regulation of the interstitium.
However, this definition does not
include alI stages of the disease as
far as their evolution in time is
concerned and furthermore, it does
not consider its aetiological and
physiopathological variants.
There are clearly three stages of
development — oedema,
and sclerosis. However, the initial
oedema is not always the first
pathological manifestation as an
alteration to the interstitial matrix,
the connective structure, or the
adipose tissue often precedes its
appearance. In some cases, such as
lipoedema and lipo‑lymphoedema,
the oedema (characterised by the
presence of free water rather than
lymph) results from an alteration of
metabolic mechanisms. Based on
inspection of the skin, Nürnberger
and Müller9,10 formulated a simple
grading-score of cellulite. Up to the
7th or 8th foetal month in both
sexes, the upper part of the
subcutaneous tissue just below the
corium consists of standing fat-cell
chambers and septa running radially
similar to those of the adult woman.
At birth, gender-typical differences
are clearly manifest: in male
newborns, small, polygonal fat-cell
chambers and septa of netted,
angled and parallel to the surface,
criss‑crossing connective tissue are
distinctly those of adult males in
addition to the corium being thicker
and coarser in fibrous structure.
These gender-typical structural
differences possibly the result of the
proliferative effect of androgens on
the mesenchyme (fibroblast activity)
during the last third of foetal life.
Incipient cellulite, recognised by
an orange peel appearance,
fibro‑sclerotic strands partitioning
the hypodermis and limiting the
out‑pouching of fat lobules. In
contrast, fully developed cellulite
recognised by a dimpled skin
surface represents subjugation of
the hypertrophic response of the
strands when the resistance is
overcome by progressive fat
accumulation (in subjects with high
body mass indices) forming papillae
adiposae that protrude into the
lower reticular dermis11.
Materials and methods
A healthy woman, aged 52 years
with Fitzpatrick skin type III and
cellulite degree III agreed to have
the skin at her right thigh treated
with HERST over 10 sessions
Figure 3 High-frequency high-resolution ultrasound of right thigh before first
HERST treatment, corresponding to cellulite degree III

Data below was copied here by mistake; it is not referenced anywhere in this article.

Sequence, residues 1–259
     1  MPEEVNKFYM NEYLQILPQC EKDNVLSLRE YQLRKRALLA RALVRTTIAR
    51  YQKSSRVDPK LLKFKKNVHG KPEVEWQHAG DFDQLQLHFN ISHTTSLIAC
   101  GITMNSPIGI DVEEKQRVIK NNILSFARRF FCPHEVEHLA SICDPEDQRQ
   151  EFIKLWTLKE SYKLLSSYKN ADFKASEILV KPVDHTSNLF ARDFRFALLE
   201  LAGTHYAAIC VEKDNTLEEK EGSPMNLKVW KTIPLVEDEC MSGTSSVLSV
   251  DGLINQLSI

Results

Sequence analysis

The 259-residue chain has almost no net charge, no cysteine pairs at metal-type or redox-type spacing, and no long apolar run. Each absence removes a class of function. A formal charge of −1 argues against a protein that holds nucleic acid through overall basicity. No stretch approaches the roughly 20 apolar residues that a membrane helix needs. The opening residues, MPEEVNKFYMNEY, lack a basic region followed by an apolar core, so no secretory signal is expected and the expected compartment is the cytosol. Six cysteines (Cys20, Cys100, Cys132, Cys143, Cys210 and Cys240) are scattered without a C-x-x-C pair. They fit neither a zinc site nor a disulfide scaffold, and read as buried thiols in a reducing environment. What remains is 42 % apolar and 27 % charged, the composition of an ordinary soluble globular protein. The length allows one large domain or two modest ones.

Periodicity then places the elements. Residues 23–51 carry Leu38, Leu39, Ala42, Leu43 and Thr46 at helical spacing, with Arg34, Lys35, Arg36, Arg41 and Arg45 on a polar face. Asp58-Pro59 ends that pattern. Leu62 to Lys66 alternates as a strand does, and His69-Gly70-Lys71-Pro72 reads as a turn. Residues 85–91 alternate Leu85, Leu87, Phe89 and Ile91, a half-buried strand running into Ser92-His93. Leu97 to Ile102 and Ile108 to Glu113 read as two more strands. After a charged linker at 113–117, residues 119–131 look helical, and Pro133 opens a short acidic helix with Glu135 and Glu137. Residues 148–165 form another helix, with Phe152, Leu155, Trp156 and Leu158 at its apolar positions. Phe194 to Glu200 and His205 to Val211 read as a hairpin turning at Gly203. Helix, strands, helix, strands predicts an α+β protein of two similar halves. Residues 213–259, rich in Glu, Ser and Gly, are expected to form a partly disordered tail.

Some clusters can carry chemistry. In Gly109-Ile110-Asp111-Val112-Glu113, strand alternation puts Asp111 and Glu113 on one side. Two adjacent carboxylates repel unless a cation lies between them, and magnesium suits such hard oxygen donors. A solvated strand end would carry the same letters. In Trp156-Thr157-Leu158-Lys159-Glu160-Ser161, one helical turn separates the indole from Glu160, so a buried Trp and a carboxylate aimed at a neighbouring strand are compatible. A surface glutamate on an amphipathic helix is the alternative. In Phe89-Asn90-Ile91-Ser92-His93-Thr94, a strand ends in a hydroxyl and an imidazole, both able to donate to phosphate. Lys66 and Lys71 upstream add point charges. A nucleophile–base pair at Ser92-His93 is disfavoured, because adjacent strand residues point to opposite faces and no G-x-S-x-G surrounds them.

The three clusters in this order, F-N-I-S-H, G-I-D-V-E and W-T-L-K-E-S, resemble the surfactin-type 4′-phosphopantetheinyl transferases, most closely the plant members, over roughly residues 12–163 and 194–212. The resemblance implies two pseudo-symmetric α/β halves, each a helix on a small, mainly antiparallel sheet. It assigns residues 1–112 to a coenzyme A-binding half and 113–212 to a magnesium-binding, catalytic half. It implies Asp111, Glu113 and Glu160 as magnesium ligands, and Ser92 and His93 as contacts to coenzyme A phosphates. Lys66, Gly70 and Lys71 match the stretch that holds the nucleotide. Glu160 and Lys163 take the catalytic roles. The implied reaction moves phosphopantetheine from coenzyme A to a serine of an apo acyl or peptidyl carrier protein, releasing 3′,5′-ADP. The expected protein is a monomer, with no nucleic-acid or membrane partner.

Incipient cellulite,
by an
orange peel
appearance, represents
focally enlarged
fibro‑sclerotic strands
partitioning the
hypodermis and
limiting the
out‑pouching of fat
Figure 4 High-frequency high-resolution ultrasound of right thigh after 10th
HERST treatment, corresponding to cellulite degree 0–I.
June 2012 |
(Figure 1), and with no treatment at
the contra-lateral thigh. The giving
of informed consent was required to
perform the treatment. The patient
was asked to continue with her
undergoing a specific exercise
regimen. Changes in subcutaneous
fat where evaluated using diagnostic
high-resolution ultrasound (Esaote
25 Gold® device with 15–18 MHz
linear probe) and liquid crystal
contact thermography
Exclusion criteria related to health
status included:
■■Disease of the skin
■■Thrombosis or post-thrombosis
■■Known melanoma or
■■Anti-coagulation therapy
■■Known metabolic disorder (e.g.
diabetes mellitus,
■■Inflammation within treatment
■■Other simultaneous treatment of
Figure 5 Liquid crystal
contact thermography
(LCCT), RW28ST with
colours corresponding to
temperature steps of 0.50
Celsius) of right lateral thigh,
before first HERST
High-resolution ultrasound
The high-resolution ultrasound was
carried out at the beginning and at
the end of the study. It is an
image‑producing and non‑invasive
diagnostic tool12, which is able to
give an exact representation of the
structure and quality of the subcutis,
and therefore the result of cellulite
therapy can be evaluated precisely13.
Liquid crystal contact
Figure 6 Liquid crystal
contact thermography
(LCCT), RW27ST with
colours corresponding to
temperature steps of 0.50
Celsius) of right lateral thigh,
after 10th HERST treatment
LCCT measures minor differences in
skin temperature14. In this study,
LCCT was used to detect a change
surrounding tissue treated with
Application technique
and device parameters
The low-energy defocused HERST
was produced by electromagnetic
means with the ZWave® device
(Figure 2), with the energy flow
density per shot set at 0.02 mJ/mm2.
The treatment was applied to the
right lateral thigh, once per week for
a period of 10 weeks. Over a surface
area of 120 cm2 of skin, 3700 shots
where applied homogeneously at
16 Hz and 120 mJ. The control area
was the left thigh. At the end of the
treatment period (equivalent to
37 000 shots), a questionnaire was
completed with regard to tolerance
(pain and side-effects) and the
subjective outcomes of cellulite.
Results and discussion
Impact of HERST on
remodelling subcutaneous fat
In addition to tightening the skin
and improving its quality, an ideal
therapy of cellulite should ensure a
reduction to the subcutaneous fat.
In one study15, the hypothesis was
stated that low-energy defocused
HERST treatment (12 sessions) is
effective in treating cellulite through
the remodelling of subcutaneous
adipose tissue. This effect can be
corroborated by the subjective
comments of the patient (in which
improvement as a result of treatment
may have a latent period of